COVID & Unemployment

Gig workers worry about losing federal jobless benefits

Mitchell Hartman Jul 23, 2020
Heard on: Marketplace
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Gig workers have received unemployment benefits many would not have been entitled to before pandemic assistance began. Olivier Douliery/AFP via Getty Images
COVID & Unemployment

Gig workers worry about losing federal jobless benefits

Mitchell Hartman Jul 23, 2020
Gig workers have received unemployment benefits many would not have been entitled to before pandemic assistance began. Olivier Douliery/AFP via Getty Images
HTML EMBED:
COPY

Jennifer Jessie has a one-woman SAT and ACT tutoring business in Woodbridge, Virginia. Heading into the spring, she had lots of work lined up. Then COVID-19 hit in mid-March, and the cancellations started.

“So when people would contact me, I would say, ‘I don’t think there’s going to be an SAT or ACT, and with money being so tight I would hate for you to waste your money,’ ” she said.

Her income’s down from $1,000 per week to less than $200. As a solo business owner, she wasn’t sure where to turn.

“It’s never really clear what I’m able to apply for. So I started with [Paycheck Protection Program] loans,” she said.

She didn’t get one, but she did get on unemployment — through the federal program that opens up benefits to independent contractors and gig workers.

She’s received about $2,000. That kind of money is a godsend in this pandemic-shocked economy, said Heidi Shierholz at the Economic Policy Institute, calling it “absolutely essential.”

About 10 million or more people who wouldn’t ordinarily qualify for state benefits are getting them now. The federal government’s picking up the tab and adding $600 a week. But that’s about to run out.

“We are talking about a pretty mammoth drop in the income if the $600 is allowed to expire,” Shierholz said.

Take the example of Zac Crofford, a theatrical technical director in Austin, Texas. He’s been able to make it through so far on unemployment. But when the extra $600 from the feds disappears?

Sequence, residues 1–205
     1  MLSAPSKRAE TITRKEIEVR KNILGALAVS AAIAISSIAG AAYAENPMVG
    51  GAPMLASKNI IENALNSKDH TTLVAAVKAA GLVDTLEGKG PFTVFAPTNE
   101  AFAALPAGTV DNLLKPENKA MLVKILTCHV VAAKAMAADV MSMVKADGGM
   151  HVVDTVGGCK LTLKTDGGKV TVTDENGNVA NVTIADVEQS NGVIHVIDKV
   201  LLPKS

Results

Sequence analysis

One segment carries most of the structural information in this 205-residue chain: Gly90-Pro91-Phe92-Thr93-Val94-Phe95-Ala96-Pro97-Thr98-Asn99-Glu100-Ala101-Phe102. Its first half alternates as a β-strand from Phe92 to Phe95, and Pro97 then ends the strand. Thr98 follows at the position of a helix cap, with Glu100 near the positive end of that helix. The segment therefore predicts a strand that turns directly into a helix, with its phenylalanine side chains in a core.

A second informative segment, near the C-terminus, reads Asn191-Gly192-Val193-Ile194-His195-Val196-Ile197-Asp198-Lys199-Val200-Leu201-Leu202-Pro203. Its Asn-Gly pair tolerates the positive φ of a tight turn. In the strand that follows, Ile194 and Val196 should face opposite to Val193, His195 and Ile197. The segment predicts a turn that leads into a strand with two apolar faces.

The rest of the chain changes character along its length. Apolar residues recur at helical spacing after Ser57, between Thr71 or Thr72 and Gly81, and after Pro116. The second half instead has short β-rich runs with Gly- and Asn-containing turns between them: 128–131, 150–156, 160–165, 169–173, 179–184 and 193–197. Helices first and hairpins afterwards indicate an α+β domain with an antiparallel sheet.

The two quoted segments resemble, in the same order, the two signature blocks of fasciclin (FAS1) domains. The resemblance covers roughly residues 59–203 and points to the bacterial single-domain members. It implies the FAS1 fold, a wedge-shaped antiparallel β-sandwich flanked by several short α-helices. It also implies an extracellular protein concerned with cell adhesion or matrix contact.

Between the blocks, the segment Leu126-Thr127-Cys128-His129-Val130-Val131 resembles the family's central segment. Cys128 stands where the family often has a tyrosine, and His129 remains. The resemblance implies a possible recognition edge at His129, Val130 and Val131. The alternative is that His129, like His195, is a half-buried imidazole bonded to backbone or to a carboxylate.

“I don’t know. That’ll leave me at $400 a month with Texas’ unemployment benefits, which is impossible to live on,” he said.

Crofford said he won’t have enough to cover basic expenses or keep up his studio and equipment until theaters open again.

COVID-19 Economy FAQs

With a slow vaccine rollout so far, how has the government changed its approach?

On Tuesday, Jan. 12, Health and Human Services Secretary Alex Azar announced changes to how the federal government is distributing vaccine doses. The CDC has expanded coronavirus vaccine eligibility to everyone 65 and older, along with people with conditions that might raise their risks of complications from COVID-19. The new approach also looks to reward those states that are the most efficient by giving them more doses, but critics say that won’t address underlying problems some states are having with vaccine rollout.

What kind of help can small businesses get right now?

A new round of Paycheck Protection Program loans recently became available for pandemic-ravaged businesses. These loans don’t have to be paid back if rules are met. Right now, loans are open for first-time applicants. And the application has to go through community banking organizations — no big banks, for now, at least. This rollout is designed to help business owners who couldn’t get a PPP loan before.

What does the hiring situation in the U.S. look like as we enter the new year?

New data on job openings and postings provide a glimpse of what to expect in the job market in the coming weeks and months. This time of year typically sees a spike in hiring and job-search activity, says Jill Chapman with Insperity, a recruiting services firm. But that kind of optimistic planning for the future isn’t really the vibe these days. Job postings have been lagging on the job search site Indeed. Listings were down about 11% in December compared to a year earlier.

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